Supervisor. As the Behavioral Health consultant, Dr. Stephen Hupp oversees the Behavioral Health Team. He is a Licensed Clinical Psychologist & Associate Professor in the SIUE Psychology Department.
Behavioral Health Specialists (typically from the SIUE Psychology Dept). Behavioral Health Specialists (usually six or seven of them) are Graduate Assistants who work for 20 hours each week to organize the behavioral health screens, provide interventions for children, provide teacher consultation, and provide parent consultation. They typically have a bachelor’s degree in psychology and are working on an advanced degree.
School Psychology Practicum Graduate Students (from SIUE). Practicum students (usually around 8 of them) are students enrolled in the Clinical Child and School Psychology graduate program at SIUE. They received course credit for practicum. They are required to work a total of 90 hours during the fall semester. They average 6 hours each week, primarily helping with the screenings and S.H.A.R.E. groups. In the spring semester, a smaller number of practicum students also help with interventions.
Field Study Students (from the SIUE School of Education). Field Study Students (usually around 30 of them) are undergraduates from SIUE, and they are paired up in teams of two. They receive course credit for Field Study. Each team implements one Second Step lesson each visit across several classrooms in a center.
Second Step Prevention. All of Second Step lessons are presented to all children in Head Start. Second Step teaches children about empathy, emotion management, and problem solving. Field Study students typically visit the classrooms two times a week.
Initial & Follow-Up Screens. Within 45 days, Behavioral Health Specialists and School Psychology Practicum Graduate Students conduct an observation of each child. Additional information is provided by teachers and parents. If there are concerns noted during the initial screen, the Behavioral Health Specialist conducts a follow-up observation.
S.H.A.R.E. Group (NEW). Children with mild to moderate social-emotional or behavioral concerns are invited to participate in a group called S.H.A.R.E. (Social Health and Academic Readiness Enrichment) conducted by a Practicum Graduate Students. The some lessons include: 1) Playing with friends, 2) Following instructions, 3) Paying attention, and 4) Review and practice. Parent consent is required for participation.
Parent Conferences. A Parent Conference is a meeting set up by a Behavioral Health Specialist when a behavioral health referral has been made (usually by a teacher or through the screening process). Those typically involved in the conference include the parent(s), a teacher, and the Behavioral Health Specialist. The primary goals of the meeting include conducting a parent interview and getting the parent’s permission for the Behavioral Health Team to provide intervention and consultation.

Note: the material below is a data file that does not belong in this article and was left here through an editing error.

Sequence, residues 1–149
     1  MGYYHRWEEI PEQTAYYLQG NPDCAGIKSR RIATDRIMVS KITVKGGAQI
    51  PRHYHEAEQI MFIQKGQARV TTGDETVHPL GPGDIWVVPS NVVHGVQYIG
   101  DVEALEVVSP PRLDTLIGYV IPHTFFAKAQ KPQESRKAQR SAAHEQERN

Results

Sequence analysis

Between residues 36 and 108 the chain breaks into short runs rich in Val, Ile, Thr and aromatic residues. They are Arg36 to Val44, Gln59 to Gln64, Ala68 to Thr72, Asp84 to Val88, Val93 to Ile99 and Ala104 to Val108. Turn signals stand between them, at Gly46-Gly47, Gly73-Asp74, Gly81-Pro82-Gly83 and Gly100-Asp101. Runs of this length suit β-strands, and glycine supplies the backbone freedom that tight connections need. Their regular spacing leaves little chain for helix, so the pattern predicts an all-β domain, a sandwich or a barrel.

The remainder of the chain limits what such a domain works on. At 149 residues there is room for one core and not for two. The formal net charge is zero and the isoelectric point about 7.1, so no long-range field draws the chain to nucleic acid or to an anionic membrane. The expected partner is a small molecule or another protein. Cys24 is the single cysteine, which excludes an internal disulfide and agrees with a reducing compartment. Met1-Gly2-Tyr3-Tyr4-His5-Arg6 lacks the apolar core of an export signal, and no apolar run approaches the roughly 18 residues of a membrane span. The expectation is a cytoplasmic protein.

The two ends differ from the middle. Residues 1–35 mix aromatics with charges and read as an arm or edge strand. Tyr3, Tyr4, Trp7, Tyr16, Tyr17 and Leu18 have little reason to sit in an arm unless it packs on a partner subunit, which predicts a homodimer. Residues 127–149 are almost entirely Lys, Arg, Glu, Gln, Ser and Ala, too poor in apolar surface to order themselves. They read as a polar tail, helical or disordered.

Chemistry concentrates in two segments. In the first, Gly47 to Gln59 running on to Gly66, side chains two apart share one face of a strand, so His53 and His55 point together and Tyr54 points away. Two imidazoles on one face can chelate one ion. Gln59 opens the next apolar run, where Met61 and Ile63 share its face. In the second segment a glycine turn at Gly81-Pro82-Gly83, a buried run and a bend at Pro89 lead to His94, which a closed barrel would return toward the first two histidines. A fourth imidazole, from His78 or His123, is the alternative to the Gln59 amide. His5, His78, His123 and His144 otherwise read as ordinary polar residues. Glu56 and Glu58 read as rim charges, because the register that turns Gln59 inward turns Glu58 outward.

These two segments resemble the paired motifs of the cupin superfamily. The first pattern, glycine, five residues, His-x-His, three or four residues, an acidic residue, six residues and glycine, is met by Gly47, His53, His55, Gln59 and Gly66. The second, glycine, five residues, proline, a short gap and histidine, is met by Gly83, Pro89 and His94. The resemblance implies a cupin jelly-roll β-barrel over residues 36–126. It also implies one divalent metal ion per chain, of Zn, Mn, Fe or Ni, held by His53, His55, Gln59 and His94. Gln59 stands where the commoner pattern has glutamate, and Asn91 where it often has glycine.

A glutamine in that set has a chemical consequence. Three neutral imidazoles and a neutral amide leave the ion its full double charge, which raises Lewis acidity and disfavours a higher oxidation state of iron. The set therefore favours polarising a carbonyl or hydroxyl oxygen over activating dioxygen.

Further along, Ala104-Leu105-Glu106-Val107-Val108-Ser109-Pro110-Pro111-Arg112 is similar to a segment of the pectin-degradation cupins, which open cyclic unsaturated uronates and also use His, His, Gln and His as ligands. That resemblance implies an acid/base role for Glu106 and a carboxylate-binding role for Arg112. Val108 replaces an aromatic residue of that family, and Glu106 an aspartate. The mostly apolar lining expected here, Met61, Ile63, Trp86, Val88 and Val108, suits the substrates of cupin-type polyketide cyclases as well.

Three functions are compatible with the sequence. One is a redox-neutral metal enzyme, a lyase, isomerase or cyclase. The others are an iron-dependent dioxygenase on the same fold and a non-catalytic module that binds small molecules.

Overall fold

Parent Presentations & Consultation. Behavioral Health Specialists provide brief workshops during some of the regularly scheduled Head Start parent meetings. Parenting tips are used from the Center on the Social and Emotional Foundations for Early Learning (CSEFEL). Parents also sometimes join the individual interventions or are otherwise provided feedback during the parent conference. Occasionally, parents are referred to outside agencies for additional help. Some outside agencies include the Comprehensive Behavioral Health Center and Chestnut Health Systems.
Teacher Training & Consultation. The Behavioral Health Team is often involved in providing workshops for teachers. Also, teacher consultation is interwoven throughout every aspect of behavioral health services. Sometimes teacher consultation is provided for individual children, and other times it is provided for entire classrooms. The Incredible Years teacher training program is one of the primary resources used in consultation.
Small Group & Individual Interventions. Sometimes intervention is done with small groups of children and sometimes it is done individually. Usually intervention includes both the Child’s Game as well as Behavioral Skills Training. The Child’s Game (also called Child-Directed Interactions) is an important component to evidence-based behavioral parent training interventions, and it is being used more frequently with teachers. Child-Directed Interactions include a special play time in which the child gets to choose the play activity (with some limits) and the adult provides a specific type of attention. Behavioral Skills Training is a broad term used to describe a method for teaching news skills to a child. The basic components include: Modeling (show them what to do), Instructions (tell them how to do it), Rehearsal (let them practice the skill), Feedback (let them know how they did), & Reward (provide some type of reinforcer). We have access to several specific resources that can be used as the focus of Behavioral Skills Training, including: Second Step lessons, Dinosaur School lessons, Teacher-Directed Interactions, Parent-Directed Interactions, Social Skills Training, & Dealing with trauma resources. For many students, in-class coaching of skills is also used.
Early Head Start. The Behavioral Health Team has also been providing an increasing amount support for the Early Head Start classrooms. The screen includes the Adjustment Behavior Checklist. Other similar services include teacher training, teacher consultation, parent presentations, and parent consultation.